The 8100 has the same UHD IGP, so it can't be a rebranded die (unless they've been sitting on the silicon for openGL 4.5 for a while without turning it on). In practical terms it is just a rebranded i7 without turbo boost, but I don't think it's the same die

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    Re: Intel Core i7-8700K and Core i5-8400 (14nm Coffee Lake)

    You mean i5? It doesn't have the SMT of the i7, which is more or less the only difference between them.

    From what I've read, even the 'UHD' is basically a rebrand given the graphics part is fundamentally the same as its 'HD' predecessor. However, there may be a couple of hardware changes similar to what we saw in going from SKL to KBL e.g. some differences in hardware video decoding.

    In terms of execution hardware, it does pretty much seem like a re-rehashed SKL i5, which isn't necessarily a bad thing for i3 money - I was just wondering whether they'd actually released something akin to a new stepping for it, or literally just stuck a new badge on it.

    Edit: I've just remembered, the mobile KBL refresh parts also call their GPUs 'UHD': https://ark.intel.com/products/122589

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    Re: Intel Core i7-8700K and Core i5-8400 (14nm Coffee Lake)

    You're right - I was getting confused with the mobile i5's. Confusing things further, the mobile UHD IGP's don't support openGL 4.5 like the desktop chips, only 4.4, so the extra U is just marketing.

    The 8100 is a great chip for i3 money, if it were available for i3 money - as I've banged on about before, the motherboard situation puts it up against the 1600 or a last-gen i5 (7400 is £10 cheaper with b250, 7500 is £10 more expensive)

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    Re: Intel Core i7-8700K and Core i5-8400 (14nm Coffee Lake)

    Yeah the motherboard situation makes it a lot less attractive. Lets just say for a moment Intel really needed to make platform/socket changes for the 6 core parts - what's the excuse for the quads?

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    Re: Intel Core i7-8700K and Core i5-8400 (14nm Coffee Lake)

    Quote Originally Posted by watercooled View Post
    ... Lets just say for a moment Intel really needed to make platform/socket changes for the 6 core parts - what's the excuse for the quads?
    Same socket for an entire family of chips? I mean seriously, can you imagine the reaction if Intel released a family of processors where the i3 needed a different family of motherboards to the i5 and i7?! I mean, there'd be an inevitable enthusiast backlash of the confusing nomenclature, and how the i3s are actually any different to the previous gen i5 if they use the same mobos and chipset ... and then you'd have the OEMs, who'd need to manage two different motherboard designs for this year's processors despite them theoretically being the same family of processors....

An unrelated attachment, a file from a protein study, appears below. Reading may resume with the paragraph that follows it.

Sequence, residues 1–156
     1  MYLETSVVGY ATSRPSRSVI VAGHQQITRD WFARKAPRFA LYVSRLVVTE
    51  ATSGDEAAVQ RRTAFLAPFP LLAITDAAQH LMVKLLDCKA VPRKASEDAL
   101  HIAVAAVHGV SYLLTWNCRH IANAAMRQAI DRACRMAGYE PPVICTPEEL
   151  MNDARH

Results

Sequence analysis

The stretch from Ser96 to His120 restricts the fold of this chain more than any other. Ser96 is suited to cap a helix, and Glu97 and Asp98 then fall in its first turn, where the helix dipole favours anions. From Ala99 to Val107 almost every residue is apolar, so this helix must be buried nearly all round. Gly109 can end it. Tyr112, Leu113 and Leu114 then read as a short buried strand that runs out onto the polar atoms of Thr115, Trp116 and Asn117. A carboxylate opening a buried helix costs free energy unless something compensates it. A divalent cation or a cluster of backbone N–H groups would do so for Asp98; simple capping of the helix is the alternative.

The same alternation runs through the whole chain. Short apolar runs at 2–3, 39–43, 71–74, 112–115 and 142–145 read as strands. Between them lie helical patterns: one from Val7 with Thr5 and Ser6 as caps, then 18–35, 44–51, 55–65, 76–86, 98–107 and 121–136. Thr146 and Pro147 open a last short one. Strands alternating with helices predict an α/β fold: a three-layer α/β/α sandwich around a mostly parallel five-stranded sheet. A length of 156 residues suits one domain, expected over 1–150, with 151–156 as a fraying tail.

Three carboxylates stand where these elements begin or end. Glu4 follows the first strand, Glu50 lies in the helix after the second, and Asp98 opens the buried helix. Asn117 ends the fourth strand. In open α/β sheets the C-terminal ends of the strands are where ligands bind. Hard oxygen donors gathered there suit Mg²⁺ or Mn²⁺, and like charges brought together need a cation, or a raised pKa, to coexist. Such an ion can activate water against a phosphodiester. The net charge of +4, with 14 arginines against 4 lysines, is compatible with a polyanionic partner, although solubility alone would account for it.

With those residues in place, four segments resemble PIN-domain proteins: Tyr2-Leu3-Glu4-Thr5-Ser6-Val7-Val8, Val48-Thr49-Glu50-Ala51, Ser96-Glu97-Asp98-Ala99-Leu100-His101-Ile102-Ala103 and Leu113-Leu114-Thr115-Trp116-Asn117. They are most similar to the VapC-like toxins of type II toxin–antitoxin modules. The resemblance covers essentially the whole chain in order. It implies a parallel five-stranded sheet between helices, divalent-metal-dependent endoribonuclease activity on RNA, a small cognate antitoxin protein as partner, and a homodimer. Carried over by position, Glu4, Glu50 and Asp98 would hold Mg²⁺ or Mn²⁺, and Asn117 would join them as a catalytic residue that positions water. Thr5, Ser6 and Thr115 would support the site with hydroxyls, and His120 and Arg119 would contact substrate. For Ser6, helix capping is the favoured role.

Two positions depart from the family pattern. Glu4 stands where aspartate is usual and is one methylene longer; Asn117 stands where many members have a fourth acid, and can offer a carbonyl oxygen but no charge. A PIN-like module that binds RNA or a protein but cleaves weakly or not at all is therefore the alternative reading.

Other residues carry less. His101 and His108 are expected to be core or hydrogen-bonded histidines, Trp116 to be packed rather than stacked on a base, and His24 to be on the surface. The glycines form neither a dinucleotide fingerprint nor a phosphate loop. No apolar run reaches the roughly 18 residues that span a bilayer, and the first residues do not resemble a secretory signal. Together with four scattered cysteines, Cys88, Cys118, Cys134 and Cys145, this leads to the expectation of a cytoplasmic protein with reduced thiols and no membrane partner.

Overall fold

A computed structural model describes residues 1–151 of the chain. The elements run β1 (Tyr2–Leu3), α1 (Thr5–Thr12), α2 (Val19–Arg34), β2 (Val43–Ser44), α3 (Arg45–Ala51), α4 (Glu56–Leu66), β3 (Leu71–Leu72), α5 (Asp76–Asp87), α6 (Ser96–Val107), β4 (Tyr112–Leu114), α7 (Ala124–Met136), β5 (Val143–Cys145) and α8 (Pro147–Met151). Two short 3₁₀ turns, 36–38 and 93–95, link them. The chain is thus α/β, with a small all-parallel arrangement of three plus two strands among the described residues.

No, I think having the entire range on one socket makes sense. What doesn't make sense is not having any other chipsets ready to go at release. It rather smells like another rushed/mis-managed launch from Intel .. their second this year. Wonder what's got into them...

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    Re: Intel Core i7-8700K and Core i5-8400 (14nm Coffee Lake)

    True, I didn't think that one through, did I?

    However, having had a cursory glance at the pinouts, are they not just assigning additional pins that were previously unused, to power planes? If so, it should be theoretically possible to use them interchangeably. But that would mean admitting that adding a few more power pins doesn't really justify mandating a new platform in the first place - and one with the same name, just to confuse people.

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    Re: Intel Core i7-8700K and Core i5-8400 (14nm Coffee Lake)

    Phoronix have run some benchmarks on the i3 8100. Looking at the scores, the i3 8350K should be quite close in performance to the FX 8350 but for about £40 more

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    Re: Intel Core i7-8700K and Core i5-8400 (14nm Coffee Lake)

    Quote Originally Posted by watercooled View Post
    ... having had a cursory glance at the pinouts, are they not just assigning additional pins that were previously unused, to power planes? ...
    No idea, I've not had a look at the pin out I suppose the question is what those pins would contact if you stuck the "wrong" s1151 chip into the board - just because they're not "used" by the old platform doesn't mean they don't contact something. If the pins are needed for the new chips and they're not connected to anything on the old motherboards then you could understand the old motherboards not supporting the new chips - like AM3+ CPUs couldn't be used in AM3 motherboards, but AM3 CPUs *could* be used in AM3+ motherboards.

    Of course, AMD didn't claim you couldn't slap an AM3+ socket onto an older chipset, so we very quickly got a lot of cheap AM3+ boards using older AM3 and AM2 chipsets, often with the boards branded to make them sound like newer chipsets (i.e. all the "960" chipset motherboards which actually used the 760G chipset).

    As I said earlier, the whole thing just smells somewhat of a rushed launch. I mean, the rehashed socket with no cross-compatibility isn't new to Intel - they did the same with s2011/v3 after all - but to launch with a single rebranded chipset is ... odd. It's hard to avoid the thought that Intel have pushed this out of the door early because Ryzen is cannibalising their mid-range sales....